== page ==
Facebook chief executive Mark ZuckerbergMark ZuckerbergFacebook formula gave anger five times weight of likes, documents show 'Facebook Papers' turn up heat on embattled social media platform TikTok, Snapchat executives to make Capitol Hill debuts MORE will testify before the House Energy and Commerce Committee later this month, lawmakers said on Wednesday.
The Facebook CEO’s testimony will address how the British research firm used by the Trump campaign, Cambridge Analytica, improperly harvested data from 50 million Facebook users.
“This hearing will be an important opportunity to shed light on critical consumer data privacy issues and help all Americans better understand what happens to their personal information online," said Energy and Commerce Chairman Greg WaldenGregory (Greg) Paul WaldenEx-Sen. Cory Gardner joins lobbying firm Ex-Rep. John Shimkus joins lobbying firm Lobbying world MORE (R-Ore.) and the committee's top Democrat, Rep. Frank Pallone Jr.Frank Joseph PalloneHouse Democrats announce bill to rein in tech algorithms House Democrats ramp up probe of FDA approval of Alzheimer's drug Intercept bureau chief: Democrats dropping support of Medicare for All could threaten bill's momentum MORE (N.J.) in a statement.
"We appreciate Mr. Zuckerberg’s willingness to testify before the committee, and we look forward to him answering our questions on April 11th," they added.
Facebook officials had previously briefed the Energy and Commerce Committee, as well as other congressional committees on the Cambridge Analytica breach, but Walden said that "many questions were unanswered.”
“Mr. Zuckerberg has stated that he would be willing to testify if he is the right person. We believe, as CEO of Facebook, he is the right witness to provide answers to the American people,” Walden and Pallone said at the time.
Zuckerberg has also been formally invited to testify at a Senate Judiciary Committee hearing scheduled for April 10, and Senate Commerce Committee Chairman John ThuneJohn Randolph ThuneThune endorses Herschel Walker in Georgia Senate race Democratic frustration with Sinema rises Senate Republicans raise concerns about TSA cyber directives for rail, aviation MORE (R-S.D.) has said that he would like Zuckerberg to testify before his panel as well.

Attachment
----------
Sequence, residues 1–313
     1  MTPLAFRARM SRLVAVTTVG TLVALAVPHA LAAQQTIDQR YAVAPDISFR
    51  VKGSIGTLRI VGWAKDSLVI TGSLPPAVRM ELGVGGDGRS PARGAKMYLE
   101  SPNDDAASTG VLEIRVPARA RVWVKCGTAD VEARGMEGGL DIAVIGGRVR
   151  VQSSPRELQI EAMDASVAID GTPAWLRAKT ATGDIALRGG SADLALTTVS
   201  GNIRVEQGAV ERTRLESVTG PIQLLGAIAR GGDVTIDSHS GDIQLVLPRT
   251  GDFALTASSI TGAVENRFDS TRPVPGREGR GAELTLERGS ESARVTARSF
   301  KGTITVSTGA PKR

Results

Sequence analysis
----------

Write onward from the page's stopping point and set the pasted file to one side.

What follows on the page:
Since Facebook revealed the Cambridge Analytica breach of user data, the company has been mired in scrutiny from lawmakers on both sides of the aisle over its data privacy and collection practices.
Lawmakers have questioned why the company let third parties collect data on Facebook users’ friends, without their express consent, and why Facebook didn’t take stronger action to make sure Cambridge Analytica came through on its promises to delete improperly collected user data.
Critics have also been eager to know if the Cambridge Analytica data was ever used by the Trump campaign or by groups seeking to influence the Brexit vote in the U.K.
The disclosure has sparked new debate over user privacy on the internet among the public as well.
Facebook is also dealing with criticism over the spread of hoax news stories on its platform, and Russians using it to influence election in the U.S. and other countries.
— This report was updated at 8:40 a.m.